It’s hardly a coincidence that we are hearing and reading reports of an 18-year-old Muslim boy, Zakir Ali Tyagi, being locked up in an Uttar Pradesh jail for 42 days because of a few “galat” Facebook posts, and the imminent revival of the dreaded Section 66A of the Information Technology Act 2000, in a newer, deadlier format.
The simultaneity of the developments is a sign that we need to join the dots quickly and see how a resurrected Section 66A, brought back to life like the Frankenstein’s monster, will be a tool in the hands of those in power to check free expression of those at the receiving end of it.
The Telegraph reported on October 11 that the Muslim teenager was arrested for a “Facebook wisecrack” on the Uttarakhand High Court ruling on river Ganga, giving it a “living person’s entity”, which the SC had stayed, and sharing a few posts from Urdu press outlets questioning UP chief minister Yogi Adityanath’s temple politics in the state.
Zakir Ali Tyagi had joked if criminal charges would be pressed against Ganga if someone drowned in it. He had put up the picture of a murdered police officer investigating a case in Dadri as his profile picture. The Telegraph reported “sedition charges were allegedly added after he received bail”.
But the premise of the arrest, the harassment and torture (he was severely beaten up by a cop in plain clothes, kept with hardened criminals) of the youth was the “galat” social media post. And the FIR reportedly “alleges violation of Section 66 of the IT Act, which deals with hacking and prescribes three years in jail”.
This incident came to light when Tyagi was brought to speak at the Press Club of India by the recently formed Bhim Army Defence Committee, which is pursuing legal justice for Dalits, minorities and other vulnerable groups who don’t have the wherewithal to fight behemoths of institutional oppression.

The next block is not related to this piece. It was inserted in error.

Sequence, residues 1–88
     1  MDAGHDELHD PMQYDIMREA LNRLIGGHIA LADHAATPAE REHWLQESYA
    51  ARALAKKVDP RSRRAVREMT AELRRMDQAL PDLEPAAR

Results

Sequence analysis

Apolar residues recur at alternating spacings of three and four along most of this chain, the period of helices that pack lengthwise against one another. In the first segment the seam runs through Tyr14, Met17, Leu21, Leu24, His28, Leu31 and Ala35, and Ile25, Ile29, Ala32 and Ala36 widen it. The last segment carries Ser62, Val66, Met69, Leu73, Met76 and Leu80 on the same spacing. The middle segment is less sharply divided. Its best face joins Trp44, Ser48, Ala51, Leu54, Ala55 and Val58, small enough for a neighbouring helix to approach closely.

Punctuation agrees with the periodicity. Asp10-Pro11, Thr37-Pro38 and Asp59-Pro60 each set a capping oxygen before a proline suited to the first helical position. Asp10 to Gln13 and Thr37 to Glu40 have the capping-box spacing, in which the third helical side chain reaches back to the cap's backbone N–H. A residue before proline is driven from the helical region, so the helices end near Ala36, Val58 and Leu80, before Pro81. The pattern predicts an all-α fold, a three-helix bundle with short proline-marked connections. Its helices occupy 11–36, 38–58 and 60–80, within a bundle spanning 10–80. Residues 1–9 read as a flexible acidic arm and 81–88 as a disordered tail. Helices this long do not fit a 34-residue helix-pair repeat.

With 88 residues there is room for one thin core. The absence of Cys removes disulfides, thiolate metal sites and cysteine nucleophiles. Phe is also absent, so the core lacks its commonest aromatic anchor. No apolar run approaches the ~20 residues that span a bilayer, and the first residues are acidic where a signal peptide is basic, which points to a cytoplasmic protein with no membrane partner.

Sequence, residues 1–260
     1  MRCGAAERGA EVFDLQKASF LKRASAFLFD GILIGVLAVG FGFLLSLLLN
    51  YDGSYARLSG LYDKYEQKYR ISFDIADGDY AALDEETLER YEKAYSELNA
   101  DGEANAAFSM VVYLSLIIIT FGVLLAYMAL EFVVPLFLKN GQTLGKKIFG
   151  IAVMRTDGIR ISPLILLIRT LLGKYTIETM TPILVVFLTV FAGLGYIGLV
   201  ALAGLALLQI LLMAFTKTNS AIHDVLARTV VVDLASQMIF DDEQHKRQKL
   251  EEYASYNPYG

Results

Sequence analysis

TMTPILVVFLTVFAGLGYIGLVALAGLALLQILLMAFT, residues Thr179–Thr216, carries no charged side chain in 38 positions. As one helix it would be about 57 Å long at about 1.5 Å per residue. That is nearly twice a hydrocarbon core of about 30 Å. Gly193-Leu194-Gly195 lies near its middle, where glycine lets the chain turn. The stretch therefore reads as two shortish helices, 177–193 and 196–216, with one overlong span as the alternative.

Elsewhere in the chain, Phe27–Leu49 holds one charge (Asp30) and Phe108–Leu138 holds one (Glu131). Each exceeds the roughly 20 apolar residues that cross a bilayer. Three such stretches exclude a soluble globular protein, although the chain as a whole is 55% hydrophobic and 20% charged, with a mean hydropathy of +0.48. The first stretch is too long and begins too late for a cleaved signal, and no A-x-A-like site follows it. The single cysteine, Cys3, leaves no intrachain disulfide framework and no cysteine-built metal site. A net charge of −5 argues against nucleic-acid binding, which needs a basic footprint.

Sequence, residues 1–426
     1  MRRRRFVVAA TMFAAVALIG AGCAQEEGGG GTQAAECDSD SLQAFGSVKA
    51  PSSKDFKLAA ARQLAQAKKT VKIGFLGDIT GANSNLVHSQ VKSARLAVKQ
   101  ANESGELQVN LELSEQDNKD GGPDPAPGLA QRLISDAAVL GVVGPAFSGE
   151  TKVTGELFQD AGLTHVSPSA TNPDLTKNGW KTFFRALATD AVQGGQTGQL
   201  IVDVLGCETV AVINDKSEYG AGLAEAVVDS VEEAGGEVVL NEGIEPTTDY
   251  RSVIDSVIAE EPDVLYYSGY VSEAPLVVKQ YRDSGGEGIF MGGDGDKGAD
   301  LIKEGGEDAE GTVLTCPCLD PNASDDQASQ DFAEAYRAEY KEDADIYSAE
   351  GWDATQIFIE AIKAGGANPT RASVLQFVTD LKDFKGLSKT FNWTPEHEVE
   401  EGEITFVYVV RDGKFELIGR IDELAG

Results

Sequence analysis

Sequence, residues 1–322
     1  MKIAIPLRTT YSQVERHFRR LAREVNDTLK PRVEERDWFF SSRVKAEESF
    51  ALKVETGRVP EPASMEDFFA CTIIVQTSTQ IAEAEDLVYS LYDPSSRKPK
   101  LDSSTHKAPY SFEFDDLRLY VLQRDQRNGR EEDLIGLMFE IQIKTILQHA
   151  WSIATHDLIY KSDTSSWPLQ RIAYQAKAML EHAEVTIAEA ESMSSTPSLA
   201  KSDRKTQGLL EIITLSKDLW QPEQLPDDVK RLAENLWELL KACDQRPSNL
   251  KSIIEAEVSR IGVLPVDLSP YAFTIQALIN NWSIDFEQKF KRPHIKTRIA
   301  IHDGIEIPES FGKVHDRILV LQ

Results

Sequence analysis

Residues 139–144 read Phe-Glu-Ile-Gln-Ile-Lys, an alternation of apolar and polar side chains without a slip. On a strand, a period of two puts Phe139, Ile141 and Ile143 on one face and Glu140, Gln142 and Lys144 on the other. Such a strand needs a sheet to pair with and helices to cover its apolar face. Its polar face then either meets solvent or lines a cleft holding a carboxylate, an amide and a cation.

Ghosts of Section 66A
Meanwhile, the Indian Express has reported that an expert committee constituted in 2015 after the “draconian” Section 66A of the IT Act was struck down in March that year – famously known as the “Shreya Singhal versus Union of India” case – has submitted its report, with recommendations to amend the Indian Penal Code, Code of Criminal Procedure and the IT Act, so that “stringent provisions specifying punishment” can be introduced to “deal with cases of hate speech and use of cyberspace to spread hatred and incitement”.
While they are not calling for a re-introduction of Section 66A itself, the TK Viswanathan Committee has suggested amendments to IPC Section 153, Section 505A, CrPC 1973, and to Section 78 of IT Act to allow a police officer (recommends specially recruited ones to handle cyber crimes) to investigate any offence under this Act.
When Section 66A of IT Act was struck down in March 2015, it was a historic decision in keeping with our digital times, when expression and speech rely mostly on online communication, and written texts, posts, videos, images, memes, graphics, etc, form a substantial part of our daily interaction with each other and the world at large. In the judgment, justices Rohinton Fali Nariman and J Chamleswar had underlined the “vagueness” of the offence, such as causing “inconvenience, danger, obstruction and insult”, and that they do not constitute the exceptions to freedom of speech granted by Article 19 of the Indian Constitution.
As the case of Zakir Ali Tyagi demonstrated, or the famous example of Shaheen Dada, whose Facebook post on the late Shiv Sena leader Bal Thackeray’s state funeral, made the party lodge a complaint against her under Section 66A. West Bengal CM Mamata Banerjee has notoriously jailed an academic and cartoonist who lampooned her. The shadow of Section 66A is one of the worst burdens of the UPA 2 era, and the online policing of free speech and suspending Twitter accounts of the then highly critical journalists, was a sign that authoritarianism was creeping into the then ruling Congress government.